The Big Chance
by Chrissie Ward
Jeremy could hardly take in the excited words his agent was babbling over the telephone.
"...Trendini must have got a dud one. Serves him right, the greedy guts, eating oysters at lunch time when he's singing in the evening. No wonder he's so fat! Lucky they called me, and lucky you're in Sydney. Jerry, boy, this is your big chance!"
"They want me?" Jeremy asked stupidly.
"Haven't you been listening?" The agent spoke very slowly and clearly. "You, Jeremy Newcombe, are singing Rodolfo in La Bohème at the Sydney Opera House tonight. Now, get over there—fast!"
There were only two hours until curtain-up. Jeremy seized his vocal score and his talisman, a tiny silver star, and went.
In the taxi he flicked distractedly through the score. This was it, the break he'd been dreaming about. He knew the role, and had sung it at the small German opera house where he'd been working for the last five years. The music critic of the local newspaper had praised the "virile lyricism" of his voice and his perfect intonation.
Intonation had never been a problem, for Jeremy was among the minute percentage of the population with absolute pitch. Singing in tune came naturally. For a soloist this was a blessing, and he had rapidly progressed from the chorus to minor and then leading roles. The Germans had wanted him to stay, but he couldn't take the cold, dark winters any longer. Coming home had been a risk, but he had thought his European experience would count for something. Instead, since he'd been back—nothing. Until tonight. Could he do it? His Rodolfo had been highly praised, but that was in Germany. To make his Australian debut in the role was something else, especially in front of an audience who'd been expecting the great Trendini.
As soon as he arrived at the opera house he was rushed to the wardrobe department, where two women crawled around him sewing tucks into a pair of black trousers. The wardrobe mistress gave his leg a reassuring pat.
"Well, at least you'll look the part, dear. Trendini as a starving poet calls for too much suspension of disbelief, but you and Belfleur will make a lovely couple."
Belfleur! In his general panic Jeremy had forgotten that his Mimi would be Catherine Belfleur, the young French soprano who had shot to stardom in a meteoric burst.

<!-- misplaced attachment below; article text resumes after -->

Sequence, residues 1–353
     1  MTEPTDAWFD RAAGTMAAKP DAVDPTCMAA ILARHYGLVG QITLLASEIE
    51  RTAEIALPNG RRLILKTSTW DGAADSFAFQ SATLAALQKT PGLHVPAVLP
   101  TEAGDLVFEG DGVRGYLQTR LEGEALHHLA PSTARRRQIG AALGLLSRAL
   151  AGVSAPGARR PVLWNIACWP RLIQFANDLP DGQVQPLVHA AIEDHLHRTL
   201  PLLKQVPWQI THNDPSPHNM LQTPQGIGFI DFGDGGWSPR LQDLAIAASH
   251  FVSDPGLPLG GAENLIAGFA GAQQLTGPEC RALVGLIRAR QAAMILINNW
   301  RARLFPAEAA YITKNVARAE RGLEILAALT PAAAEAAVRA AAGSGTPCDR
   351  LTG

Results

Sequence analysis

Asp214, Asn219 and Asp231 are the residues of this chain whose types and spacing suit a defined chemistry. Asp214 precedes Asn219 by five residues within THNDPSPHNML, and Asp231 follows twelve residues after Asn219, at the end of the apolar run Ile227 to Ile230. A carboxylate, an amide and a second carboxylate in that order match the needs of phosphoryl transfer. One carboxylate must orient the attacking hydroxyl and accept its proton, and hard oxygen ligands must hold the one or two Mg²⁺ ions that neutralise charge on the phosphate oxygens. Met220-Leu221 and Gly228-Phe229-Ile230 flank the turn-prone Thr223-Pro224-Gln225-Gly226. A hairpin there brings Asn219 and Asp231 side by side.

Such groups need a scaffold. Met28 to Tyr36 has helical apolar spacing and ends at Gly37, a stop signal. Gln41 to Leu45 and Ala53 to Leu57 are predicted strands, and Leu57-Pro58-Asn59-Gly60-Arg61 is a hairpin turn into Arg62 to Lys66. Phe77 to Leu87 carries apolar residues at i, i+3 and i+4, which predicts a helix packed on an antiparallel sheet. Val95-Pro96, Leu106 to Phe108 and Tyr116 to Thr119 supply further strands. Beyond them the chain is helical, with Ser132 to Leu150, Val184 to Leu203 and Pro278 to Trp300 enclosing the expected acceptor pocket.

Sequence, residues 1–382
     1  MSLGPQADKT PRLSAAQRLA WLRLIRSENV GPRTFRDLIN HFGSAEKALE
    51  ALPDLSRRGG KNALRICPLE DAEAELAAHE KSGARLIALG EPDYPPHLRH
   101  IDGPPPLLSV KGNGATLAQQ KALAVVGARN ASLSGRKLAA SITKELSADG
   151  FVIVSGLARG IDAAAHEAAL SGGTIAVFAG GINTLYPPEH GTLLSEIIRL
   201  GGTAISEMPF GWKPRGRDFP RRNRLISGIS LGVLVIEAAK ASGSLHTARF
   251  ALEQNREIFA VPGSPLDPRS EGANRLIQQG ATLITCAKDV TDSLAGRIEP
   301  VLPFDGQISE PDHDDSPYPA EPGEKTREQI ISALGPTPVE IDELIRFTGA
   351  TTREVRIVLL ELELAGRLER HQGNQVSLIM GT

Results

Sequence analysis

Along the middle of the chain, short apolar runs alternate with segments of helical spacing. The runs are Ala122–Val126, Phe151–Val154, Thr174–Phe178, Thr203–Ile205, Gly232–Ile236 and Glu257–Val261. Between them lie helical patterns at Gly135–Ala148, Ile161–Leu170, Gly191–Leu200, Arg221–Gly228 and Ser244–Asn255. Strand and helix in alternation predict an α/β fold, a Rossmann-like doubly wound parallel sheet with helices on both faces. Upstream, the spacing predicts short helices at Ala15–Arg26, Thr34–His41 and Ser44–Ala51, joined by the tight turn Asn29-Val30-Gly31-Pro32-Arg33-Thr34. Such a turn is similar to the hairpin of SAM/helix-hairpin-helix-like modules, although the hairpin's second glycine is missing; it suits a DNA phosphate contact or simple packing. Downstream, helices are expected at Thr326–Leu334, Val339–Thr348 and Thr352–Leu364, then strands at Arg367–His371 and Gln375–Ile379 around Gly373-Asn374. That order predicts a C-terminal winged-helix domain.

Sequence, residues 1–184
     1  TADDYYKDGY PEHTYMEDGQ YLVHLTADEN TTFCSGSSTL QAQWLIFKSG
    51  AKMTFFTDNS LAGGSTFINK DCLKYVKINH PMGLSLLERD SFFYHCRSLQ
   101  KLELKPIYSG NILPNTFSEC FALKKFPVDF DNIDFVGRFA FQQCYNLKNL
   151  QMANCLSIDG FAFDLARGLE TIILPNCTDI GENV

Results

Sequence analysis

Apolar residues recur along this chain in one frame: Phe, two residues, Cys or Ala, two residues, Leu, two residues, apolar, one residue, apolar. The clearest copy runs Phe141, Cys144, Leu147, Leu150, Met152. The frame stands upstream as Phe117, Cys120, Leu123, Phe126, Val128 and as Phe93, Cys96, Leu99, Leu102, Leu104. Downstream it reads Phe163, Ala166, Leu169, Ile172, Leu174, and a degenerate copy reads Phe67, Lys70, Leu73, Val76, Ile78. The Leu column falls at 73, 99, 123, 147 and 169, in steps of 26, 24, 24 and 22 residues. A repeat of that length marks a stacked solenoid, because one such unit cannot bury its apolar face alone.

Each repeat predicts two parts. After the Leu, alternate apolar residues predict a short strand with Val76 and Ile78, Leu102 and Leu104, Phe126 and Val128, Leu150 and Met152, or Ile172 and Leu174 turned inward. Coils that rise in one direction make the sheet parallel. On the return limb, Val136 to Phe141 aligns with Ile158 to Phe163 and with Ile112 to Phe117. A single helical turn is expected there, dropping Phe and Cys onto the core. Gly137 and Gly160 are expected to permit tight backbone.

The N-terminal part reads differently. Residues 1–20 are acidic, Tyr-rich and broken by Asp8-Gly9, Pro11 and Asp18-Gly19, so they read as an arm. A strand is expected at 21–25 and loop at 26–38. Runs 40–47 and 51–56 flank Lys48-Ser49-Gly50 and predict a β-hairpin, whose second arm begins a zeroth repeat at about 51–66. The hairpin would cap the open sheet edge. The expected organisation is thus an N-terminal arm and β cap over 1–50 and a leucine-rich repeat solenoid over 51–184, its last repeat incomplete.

"Not since Callas have we seen such sensitivity to every nuance of a role," the critics enthused. "The beauty of her tone is matched by her stunning stage presence..."
The more carping complained that, like Callas, her top notes weren't all they might be. Once Belfleur went above A, she was inclined to sing just a teeny touch flat. But this small flaw could be forgiven for the purity of her middle register, the plangency of her lower voice, the emotional intensity of her interpretations, and her looks.
This last was something everyone agreed on. Belfleur looked gorgeous. She was tall and graceful, her features were finely cut, her blue eyes enormous, and her fair hair fell to her waist in a rippling cascade.
It was with this goddess that Jeremy would be sharing the stage. She was bound to be puffed up by all the adulation and would be furious about singing with an unknown. Tonight would have been her first appearance with Trendini, an event awaited with bated breath by the critics—"The two greatest voices of our time meet at last," they gushed. Jeremy winced.
"Fifteen minutes," the Tannoy informed him.
Jeremy's stomach churned as if it had been he who'd eaten the bad oyster. He sat alone in Trendini's dressing room, surrounded by the cards and flowers intended for the great man. There were no good luck messages for Jeremy, but not even his parents knew he was appearing here tonight. The announcement would be made soon, he guessed.
"Ladies and gentlemen, we regret that Trendini is indisposed." Jeremy imagined the groans of disappointment. "At very short notice, the role of Rodolfo will be sung by the young Australian tenor, Jeremy Newcombe."
"Who's he? Never heard of him!" the audience would grumble. Would they demand their money back?
Just do the best you can, Jeremy instructed himself. He pressed his lucky silver star to his clammy forehead and tried to concentrate on the role. Thank goodness there was nothing difficult in the first half of the act. As long as he remembered the words, and as long as the other men were sympathetic, he should be all right. The real meat of the act was in Rodolfo's scene with Mimi, when the little seamstress came down from her attic to get a light for her candle. She tapped at his door.
"Chi è là?" called Rodolfo/Jeremy. "Who's there?"
"Scusi," a woman's voice responded, and a tall, slender figure entered the dressing room.
"Belfleur!" Jeremy exclaimed, starting up in surprise.
Belfleur leant back against the door. She was clad in Mimi's plain grey dress, and her hair was parted in the middle and twisted up at her neck.
"You must wish me luck," she whispered.
"I—wish you luck?" Jeremy stammered.
Belfleur came closer and he saw that she was trembling.
"You will think I am vairy silly," she said shakily, "but I am superstitious. Always my Papa travel with me, and before I sing he come to my dressing room. He kiss me here, here and here"—she touched an index finger to her cheeks and forehead—" and he say, 'Bonne chance, chérie!' Then I can sing. But Papa has broke his leg and cannot come, and who is to wish me luck? I am feared to ask. Then I think, this Zhaireemee Noocoome who replace the fat Trendini, he is not famous, he will not laugh at me. So—please?" She looked at Jeremy beseechingly, her magnificent eyes underlined by the dark shadows of Mimi's make-up.